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CCGs already improving patient care

Published on 23/07/12 at 08:58am
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Clinical Commissioning Groups - the new structures set up under the Health and Social Care Act to control most of the NHS’s budget - are already improving patient care, says their representative body.

NHS Clinical Commissioners (NHSCC), a group billing itself as ‘an independent collective voice’ for CCGs, has published 12 case studies in ‘Clinical Commissioning in Action’, a report it describes as a ‘valuable snapshot’.

From April next year 212 CCGs, run largely by GPs and other health professionals, will replace the existing 152 primary care trusts. 

In essence, it means local clinicians are leading on local health services with a view, for example, to taking pressure off A&E services in their area.

The NHSCC report says sharing best practice on improvements to patient care and experience will help but it insists: “None of these schemes are rocket science. Very often they are simple solutions to obvious problems.”

It cites Nene CCG near Kettering’s investment in additional training for practice nurses so they can treat patients with minor injuries in their surgeries and order X-rays without going through a doctor.

South Devon and Torbay CCG is attempting to reduce costs for outpatient appointments, many of which did not result in any treatment, by providing safe follow-up for men with raised prostate specific antigen levels.

They usually need monitoring, even if they have not had treatment for prostate cancer, and this means an outpatient visit, a wait for blood test results - and a repeat of the process in six months’ time.

Now patients can have blood tests locally and be contacted with the results, saving an estimated 1,500 outpatient appointments a year.

Meanwhile West London CCG has developed an integrated programme providing a single point of access to a range of mental health services for patients in Kensington and Chelsea.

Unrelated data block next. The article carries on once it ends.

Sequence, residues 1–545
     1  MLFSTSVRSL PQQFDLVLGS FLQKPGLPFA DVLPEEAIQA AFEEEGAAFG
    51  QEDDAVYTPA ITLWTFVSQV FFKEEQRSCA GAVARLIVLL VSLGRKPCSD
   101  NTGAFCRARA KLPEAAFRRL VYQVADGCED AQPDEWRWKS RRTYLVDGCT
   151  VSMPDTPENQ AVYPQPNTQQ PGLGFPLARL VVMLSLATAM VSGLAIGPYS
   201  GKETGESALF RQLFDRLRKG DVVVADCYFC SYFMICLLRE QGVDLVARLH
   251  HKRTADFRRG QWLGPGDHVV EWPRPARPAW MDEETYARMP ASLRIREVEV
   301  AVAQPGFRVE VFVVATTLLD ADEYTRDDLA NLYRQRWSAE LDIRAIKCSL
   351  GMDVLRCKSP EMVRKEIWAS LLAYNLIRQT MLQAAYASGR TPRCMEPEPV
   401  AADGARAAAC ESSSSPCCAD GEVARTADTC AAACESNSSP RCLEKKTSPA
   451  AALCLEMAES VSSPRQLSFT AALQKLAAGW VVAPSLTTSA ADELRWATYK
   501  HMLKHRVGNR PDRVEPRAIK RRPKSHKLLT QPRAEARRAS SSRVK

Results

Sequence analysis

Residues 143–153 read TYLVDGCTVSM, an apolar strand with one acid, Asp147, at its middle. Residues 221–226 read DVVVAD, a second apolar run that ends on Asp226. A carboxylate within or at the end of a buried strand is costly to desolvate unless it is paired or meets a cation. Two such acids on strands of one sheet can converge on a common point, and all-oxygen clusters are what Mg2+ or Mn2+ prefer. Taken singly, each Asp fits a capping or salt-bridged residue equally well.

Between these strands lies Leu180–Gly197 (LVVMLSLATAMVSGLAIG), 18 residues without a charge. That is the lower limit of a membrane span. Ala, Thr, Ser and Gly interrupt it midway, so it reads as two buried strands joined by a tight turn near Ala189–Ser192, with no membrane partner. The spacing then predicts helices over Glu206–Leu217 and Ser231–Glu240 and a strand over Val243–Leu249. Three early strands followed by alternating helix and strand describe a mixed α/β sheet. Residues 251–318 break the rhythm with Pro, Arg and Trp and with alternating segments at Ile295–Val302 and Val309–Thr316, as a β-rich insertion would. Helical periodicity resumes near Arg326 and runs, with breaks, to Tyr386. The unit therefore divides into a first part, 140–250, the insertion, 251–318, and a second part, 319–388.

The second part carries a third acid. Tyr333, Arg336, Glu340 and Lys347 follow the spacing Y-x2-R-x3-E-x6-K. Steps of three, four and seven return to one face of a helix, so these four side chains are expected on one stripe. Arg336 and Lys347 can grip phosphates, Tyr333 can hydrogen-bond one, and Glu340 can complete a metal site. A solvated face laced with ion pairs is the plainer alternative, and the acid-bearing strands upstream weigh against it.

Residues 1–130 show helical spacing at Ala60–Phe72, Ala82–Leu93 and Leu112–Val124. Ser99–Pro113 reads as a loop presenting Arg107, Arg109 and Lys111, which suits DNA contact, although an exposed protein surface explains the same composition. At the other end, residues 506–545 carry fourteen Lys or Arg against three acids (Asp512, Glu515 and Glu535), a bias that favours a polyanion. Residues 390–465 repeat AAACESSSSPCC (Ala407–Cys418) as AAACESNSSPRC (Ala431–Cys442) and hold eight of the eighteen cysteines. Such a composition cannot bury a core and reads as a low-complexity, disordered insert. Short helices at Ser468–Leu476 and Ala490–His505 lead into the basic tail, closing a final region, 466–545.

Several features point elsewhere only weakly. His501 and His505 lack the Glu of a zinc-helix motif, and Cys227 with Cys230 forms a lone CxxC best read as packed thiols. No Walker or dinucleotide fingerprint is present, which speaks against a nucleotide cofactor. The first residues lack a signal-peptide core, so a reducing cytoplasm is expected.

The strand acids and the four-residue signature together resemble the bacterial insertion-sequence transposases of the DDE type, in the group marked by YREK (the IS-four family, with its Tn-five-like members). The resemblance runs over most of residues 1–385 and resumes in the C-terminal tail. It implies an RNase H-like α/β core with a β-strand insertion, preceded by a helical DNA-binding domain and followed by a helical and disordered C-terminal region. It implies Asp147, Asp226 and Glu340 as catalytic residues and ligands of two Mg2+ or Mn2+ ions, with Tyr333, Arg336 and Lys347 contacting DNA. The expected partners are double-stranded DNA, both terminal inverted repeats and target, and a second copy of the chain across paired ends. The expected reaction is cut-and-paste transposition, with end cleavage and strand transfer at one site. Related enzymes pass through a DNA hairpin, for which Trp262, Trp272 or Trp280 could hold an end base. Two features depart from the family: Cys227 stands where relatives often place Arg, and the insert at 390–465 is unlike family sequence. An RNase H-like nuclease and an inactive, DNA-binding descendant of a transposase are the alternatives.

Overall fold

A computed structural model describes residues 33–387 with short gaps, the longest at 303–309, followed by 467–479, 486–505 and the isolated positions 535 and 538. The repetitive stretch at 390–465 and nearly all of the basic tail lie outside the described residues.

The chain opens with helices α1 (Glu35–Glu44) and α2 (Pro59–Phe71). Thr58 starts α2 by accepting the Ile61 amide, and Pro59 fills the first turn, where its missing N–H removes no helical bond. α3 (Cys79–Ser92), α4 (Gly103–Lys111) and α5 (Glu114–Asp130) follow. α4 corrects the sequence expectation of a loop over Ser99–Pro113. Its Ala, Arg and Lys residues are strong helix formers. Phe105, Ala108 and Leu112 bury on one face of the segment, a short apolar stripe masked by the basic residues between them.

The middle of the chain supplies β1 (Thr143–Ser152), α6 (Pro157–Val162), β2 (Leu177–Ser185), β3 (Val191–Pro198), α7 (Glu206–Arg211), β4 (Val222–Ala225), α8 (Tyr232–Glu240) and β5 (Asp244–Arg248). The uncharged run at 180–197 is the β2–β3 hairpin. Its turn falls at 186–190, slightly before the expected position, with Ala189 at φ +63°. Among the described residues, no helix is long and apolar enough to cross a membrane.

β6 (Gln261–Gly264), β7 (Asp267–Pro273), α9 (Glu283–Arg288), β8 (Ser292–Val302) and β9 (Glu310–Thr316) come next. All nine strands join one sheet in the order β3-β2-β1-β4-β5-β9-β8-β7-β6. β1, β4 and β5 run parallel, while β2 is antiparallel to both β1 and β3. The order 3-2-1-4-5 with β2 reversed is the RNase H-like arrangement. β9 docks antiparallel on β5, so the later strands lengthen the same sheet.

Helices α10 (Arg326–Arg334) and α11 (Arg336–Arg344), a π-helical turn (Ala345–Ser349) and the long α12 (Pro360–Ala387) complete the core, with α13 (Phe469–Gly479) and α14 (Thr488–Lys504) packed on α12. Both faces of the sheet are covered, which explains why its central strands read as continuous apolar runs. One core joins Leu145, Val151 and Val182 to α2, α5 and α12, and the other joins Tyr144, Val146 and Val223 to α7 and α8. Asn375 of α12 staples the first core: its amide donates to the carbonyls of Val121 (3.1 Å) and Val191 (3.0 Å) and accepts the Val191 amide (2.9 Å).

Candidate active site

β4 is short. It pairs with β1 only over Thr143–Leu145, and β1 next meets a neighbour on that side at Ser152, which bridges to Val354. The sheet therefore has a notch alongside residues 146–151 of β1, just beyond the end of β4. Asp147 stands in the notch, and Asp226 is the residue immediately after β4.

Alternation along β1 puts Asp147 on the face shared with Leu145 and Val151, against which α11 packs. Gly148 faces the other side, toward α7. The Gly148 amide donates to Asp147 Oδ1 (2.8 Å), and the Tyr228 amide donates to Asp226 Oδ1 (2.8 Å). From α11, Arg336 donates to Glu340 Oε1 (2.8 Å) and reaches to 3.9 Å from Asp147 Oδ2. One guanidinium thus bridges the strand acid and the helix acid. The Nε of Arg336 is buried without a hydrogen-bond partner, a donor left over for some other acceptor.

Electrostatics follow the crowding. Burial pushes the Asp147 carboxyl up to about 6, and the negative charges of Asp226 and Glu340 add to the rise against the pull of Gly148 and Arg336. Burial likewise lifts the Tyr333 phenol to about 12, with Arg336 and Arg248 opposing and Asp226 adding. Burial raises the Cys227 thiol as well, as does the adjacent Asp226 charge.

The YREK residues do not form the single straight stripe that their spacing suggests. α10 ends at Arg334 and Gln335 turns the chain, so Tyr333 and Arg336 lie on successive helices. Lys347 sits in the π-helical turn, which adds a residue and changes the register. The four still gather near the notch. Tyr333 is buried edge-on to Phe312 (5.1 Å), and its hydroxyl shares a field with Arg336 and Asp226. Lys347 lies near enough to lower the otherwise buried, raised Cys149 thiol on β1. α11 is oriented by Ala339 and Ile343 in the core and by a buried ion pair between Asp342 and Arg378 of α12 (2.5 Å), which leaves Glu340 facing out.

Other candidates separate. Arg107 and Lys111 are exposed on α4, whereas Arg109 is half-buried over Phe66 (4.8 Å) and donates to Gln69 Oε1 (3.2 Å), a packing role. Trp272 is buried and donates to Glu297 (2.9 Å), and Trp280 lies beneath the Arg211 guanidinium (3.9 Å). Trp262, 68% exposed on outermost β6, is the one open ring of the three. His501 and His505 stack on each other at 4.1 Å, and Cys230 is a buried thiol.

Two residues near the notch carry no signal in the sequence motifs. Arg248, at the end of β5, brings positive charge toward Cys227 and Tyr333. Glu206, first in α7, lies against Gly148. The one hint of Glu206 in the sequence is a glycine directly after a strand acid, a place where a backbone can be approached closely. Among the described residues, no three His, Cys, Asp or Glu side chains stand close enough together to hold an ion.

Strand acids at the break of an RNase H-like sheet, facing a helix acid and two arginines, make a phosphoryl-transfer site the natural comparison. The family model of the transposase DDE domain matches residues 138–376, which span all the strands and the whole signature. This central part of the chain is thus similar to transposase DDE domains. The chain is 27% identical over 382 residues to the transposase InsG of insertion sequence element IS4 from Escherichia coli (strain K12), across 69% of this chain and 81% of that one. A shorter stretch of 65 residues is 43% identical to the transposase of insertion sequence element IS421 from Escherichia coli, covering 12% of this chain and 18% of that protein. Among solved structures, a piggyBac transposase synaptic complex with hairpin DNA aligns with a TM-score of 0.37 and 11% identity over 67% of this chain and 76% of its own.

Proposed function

And the report describes how the CCG for Great Yarmouth and Waveney sought to understand why many people with long-term conditions were bypassing local health facilities and going to A&E - and has ended up asking them for help in redesigning the system to encourage better use.

“This is just a glimpse of what’s possible,” said NHSCC interim president Dr Michael Dixon. “Clinical commissioning has a huge potential to bring real transformation to the NHS and better outcomes for patients.”

The organisation’s interim chair, Dr Charles Alessi, said there was a “need to celebrate the successes, however small, as these will encourage and inspire others to achieve more for their patients”.

There was significant opposition from health professionals to the creation of CCGs and suspicions as to their effectiveness remain.

Last month a survey published by Labour’s Shadow Health Team showed that 125 separate treatments, previously provided free by the NHS, have been restricted or stopped by NHS bodies including CCGs in the last two years.

Despite the NHS having to make £20 billion in efficiency savings by 2015, health minister Simon Burns said the government would not stand for restrictions coming from the need to save costs. 

The NHSCC’s findings mirror those from a report by the government last February which demonstrated ways in which emerging CCGs were already benefiting patients.

Examples then included work by a Newcastle CCG which had led to the number of patients admitted to hospital with emergency respiratory problems falling by 70%, and a Wigan CCG’s redesign of stroke services which cut the average hospital stay for patients from 56 days to 12 days.

NHSCC encompasses the NAPC and the NHS Alliance and works with the NHS Confederation. The work of CCGs is overseen by the NHS Commissioning Board Authority.

Adam Hill

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